Chest pain comes in many flavors, so what could it mean if it’s throbbing, deep and aching?

Three very serious conditions can cause what a patient might describe as a throbbing type of pain in the chest, or a sensation of being deep and aching.

Unfortunately, the first three explanations for these symptoms that come to mind for John A. Elefteriades, MD, are far from benign.

Dr. Elefteriades is the William W.L. Glenn Professor of Surgery, and Director, Aortic Institute at Yale-New Haven, New Haven, CT.

Causes of Throbbing, Deep Aching Chest Pain

Dr. Elefteriades explains, “Chest pains or aches can be the result of coronary artery disease, valvular heart disease or aortic aneurysm. The descriptor ‘throbbing’ is uncommon.”

  • Coronary artery disease. People can live to 90 or more with this condition. But if you don’t take measures to aggressively manage CAD, it can kill you long before you cash in your first pension check.
  • People can live years with valvular heart disease, but it can also kill. The key is treatment, which (as with CAD) may require surgery.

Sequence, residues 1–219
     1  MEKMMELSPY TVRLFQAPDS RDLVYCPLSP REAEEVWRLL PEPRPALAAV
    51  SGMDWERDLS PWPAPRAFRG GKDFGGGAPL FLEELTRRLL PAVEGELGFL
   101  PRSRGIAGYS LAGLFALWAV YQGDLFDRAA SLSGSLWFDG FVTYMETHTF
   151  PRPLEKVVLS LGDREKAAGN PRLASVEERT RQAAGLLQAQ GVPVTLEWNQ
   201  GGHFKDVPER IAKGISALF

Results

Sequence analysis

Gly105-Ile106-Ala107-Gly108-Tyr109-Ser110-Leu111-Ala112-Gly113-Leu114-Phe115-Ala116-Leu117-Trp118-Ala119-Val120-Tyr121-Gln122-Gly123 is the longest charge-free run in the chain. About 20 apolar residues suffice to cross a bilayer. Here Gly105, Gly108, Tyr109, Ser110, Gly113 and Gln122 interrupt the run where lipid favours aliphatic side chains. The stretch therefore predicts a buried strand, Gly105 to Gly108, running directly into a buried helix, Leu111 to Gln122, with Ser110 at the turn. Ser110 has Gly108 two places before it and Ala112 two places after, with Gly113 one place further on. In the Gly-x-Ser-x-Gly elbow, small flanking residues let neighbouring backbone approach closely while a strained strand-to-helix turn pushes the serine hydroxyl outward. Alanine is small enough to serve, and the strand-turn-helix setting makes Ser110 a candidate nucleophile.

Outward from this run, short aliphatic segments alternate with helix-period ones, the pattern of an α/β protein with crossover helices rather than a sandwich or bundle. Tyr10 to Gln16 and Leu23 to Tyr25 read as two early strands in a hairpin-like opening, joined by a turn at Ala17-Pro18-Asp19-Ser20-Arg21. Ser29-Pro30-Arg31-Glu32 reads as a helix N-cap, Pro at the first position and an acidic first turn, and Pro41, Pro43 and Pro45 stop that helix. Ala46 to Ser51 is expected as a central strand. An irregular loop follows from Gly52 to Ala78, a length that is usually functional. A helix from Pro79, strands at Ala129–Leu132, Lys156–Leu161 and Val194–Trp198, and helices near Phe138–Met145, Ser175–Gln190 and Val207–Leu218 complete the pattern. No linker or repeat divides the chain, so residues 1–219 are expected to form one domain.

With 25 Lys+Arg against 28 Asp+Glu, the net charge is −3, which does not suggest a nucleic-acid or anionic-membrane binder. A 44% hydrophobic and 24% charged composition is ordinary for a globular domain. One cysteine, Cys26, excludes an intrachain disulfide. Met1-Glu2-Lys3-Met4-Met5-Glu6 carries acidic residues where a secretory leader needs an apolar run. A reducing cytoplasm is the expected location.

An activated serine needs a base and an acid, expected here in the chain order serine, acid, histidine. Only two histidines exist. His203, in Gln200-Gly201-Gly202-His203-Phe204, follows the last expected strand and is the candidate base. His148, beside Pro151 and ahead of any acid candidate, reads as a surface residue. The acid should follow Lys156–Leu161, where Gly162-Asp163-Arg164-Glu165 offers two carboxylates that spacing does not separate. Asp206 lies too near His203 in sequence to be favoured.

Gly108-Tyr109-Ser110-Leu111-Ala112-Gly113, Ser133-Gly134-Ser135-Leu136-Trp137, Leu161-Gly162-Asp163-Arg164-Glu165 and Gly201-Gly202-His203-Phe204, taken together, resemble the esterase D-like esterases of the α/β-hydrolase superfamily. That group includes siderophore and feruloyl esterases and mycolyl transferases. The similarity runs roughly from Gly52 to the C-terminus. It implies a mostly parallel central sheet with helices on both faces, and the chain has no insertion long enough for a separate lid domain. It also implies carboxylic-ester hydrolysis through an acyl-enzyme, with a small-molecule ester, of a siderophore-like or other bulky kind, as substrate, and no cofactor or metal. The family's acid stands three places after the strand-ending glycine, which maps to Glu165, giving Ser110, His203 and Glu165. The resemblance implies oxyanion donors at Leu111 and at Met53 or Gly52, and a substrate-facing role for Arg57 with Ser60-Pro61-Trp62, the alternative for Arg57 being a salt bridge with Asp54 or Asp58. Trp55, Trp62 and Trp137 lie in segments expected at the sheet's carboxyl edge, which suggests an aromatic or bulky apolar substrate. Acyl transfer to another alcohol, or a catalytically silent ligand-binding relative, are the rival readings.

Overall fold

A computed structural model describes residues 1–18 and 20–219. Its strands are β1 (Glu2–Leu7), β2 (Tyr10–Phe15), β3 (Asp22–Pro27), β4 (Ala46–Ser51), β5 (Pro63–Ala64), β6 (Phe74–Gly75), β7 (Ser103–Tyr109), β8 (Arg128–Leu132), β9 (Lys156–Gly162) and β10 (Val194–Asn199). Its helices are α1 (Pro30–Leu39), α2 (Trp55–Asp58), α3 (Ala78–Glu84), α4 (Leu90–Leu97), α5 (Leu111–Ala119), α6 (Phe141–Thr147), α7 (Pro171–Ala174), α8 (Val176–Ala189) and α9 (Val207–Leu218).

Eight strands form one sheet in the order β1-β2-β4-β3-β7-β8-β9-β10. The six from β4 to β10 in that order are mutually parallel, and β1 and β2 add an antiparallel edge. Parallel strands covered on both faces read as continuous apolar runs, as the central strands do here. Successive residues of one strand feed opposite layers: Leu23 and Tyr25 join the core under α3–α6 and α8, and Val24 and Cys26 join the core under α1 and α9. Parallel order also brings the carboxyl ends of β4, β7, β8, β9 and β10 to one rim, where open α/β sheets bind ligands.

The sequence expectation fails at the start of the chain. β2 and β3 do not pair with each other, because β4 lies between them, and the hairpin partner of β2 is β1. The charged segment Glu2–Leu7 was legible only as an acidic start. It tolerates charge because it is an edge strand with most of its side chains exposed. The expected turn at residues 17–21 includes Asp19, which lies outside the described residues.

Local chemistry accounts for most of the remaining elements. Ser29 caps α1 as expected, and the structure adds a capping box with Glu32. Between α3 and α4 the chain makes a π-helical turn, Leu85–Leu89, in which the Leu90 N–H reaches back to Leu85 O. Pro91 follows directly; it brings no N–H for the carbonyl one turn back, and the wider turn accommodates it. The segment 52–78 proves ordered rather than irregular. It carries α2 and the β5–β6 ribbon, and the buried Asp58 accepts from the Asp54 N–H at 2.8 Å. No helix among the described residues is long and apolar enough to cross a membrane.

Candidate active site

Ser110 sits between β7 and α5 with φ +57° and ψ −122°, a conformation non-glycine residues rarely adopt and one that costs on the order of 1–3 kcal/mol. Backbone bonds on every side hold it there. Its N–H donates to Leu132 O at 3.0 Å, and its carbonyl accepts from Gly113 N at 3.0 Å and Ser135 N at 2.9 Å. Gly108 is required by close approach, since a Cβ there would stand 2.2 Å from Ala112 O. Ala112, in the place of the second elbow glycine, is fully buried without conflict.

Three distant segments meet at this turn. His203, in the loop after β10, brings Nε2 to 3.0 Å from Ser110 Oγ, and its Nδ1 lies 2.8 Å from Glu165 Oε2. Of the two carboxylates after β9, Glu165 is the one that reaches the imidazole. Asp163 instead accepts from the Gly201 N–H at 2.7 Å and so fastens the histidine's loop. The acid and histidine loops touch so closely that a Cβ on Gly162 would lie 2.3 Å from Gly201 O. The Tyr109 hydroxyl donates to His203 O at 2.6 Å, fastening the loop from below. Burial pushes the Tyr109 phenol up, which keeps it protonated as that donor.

It’s important to point out that there are also benign causes of chest pain or aches, such as non-serious arrhythmias, inflammation of the rib cartilage, and acid reflux disease. Even the side effects of some medications can be a cause.

Aortic Aneurysm: Deadly and Stealthy

What very few people know is that a thoracic aortic aneurysm — though usually not causing any symptoms — can cause a very deep or penetrating chest pain — and quite suddenly.

Shutterstock/Veronika Zakharova

The imaging tests that a doctor will order to examine the heart, such as an X-ray (standard ER procedure) or an ultrasound (echocardiogram) will show the aneurysm.

An aneurysm that is producing symptoms like chest pain or aches can be surgically repaired.

If the bulge in the aorta ruptures, internal hemorrhaging will result. Mortality is high.

Other symptoms with a dissecting aortic aneurysm might be severe shoulder and/or back pain.

Formerly the chief of cardiothoracic surgery at Yale University and Yale New-Haven Hospital, Dr. Elefteriades is working on identifying the genetic mutations responsible for thoracic aortic aneurysms. He is the author of over 400 scientific publications on a wide range of cardiac and thoracic topics.
Lorra Garrick is a former personal trainer certified by the American Council on Exercise. At Bally Total Fitness she trained clients of all ages for fat loss, muscle building, fitness and improved health.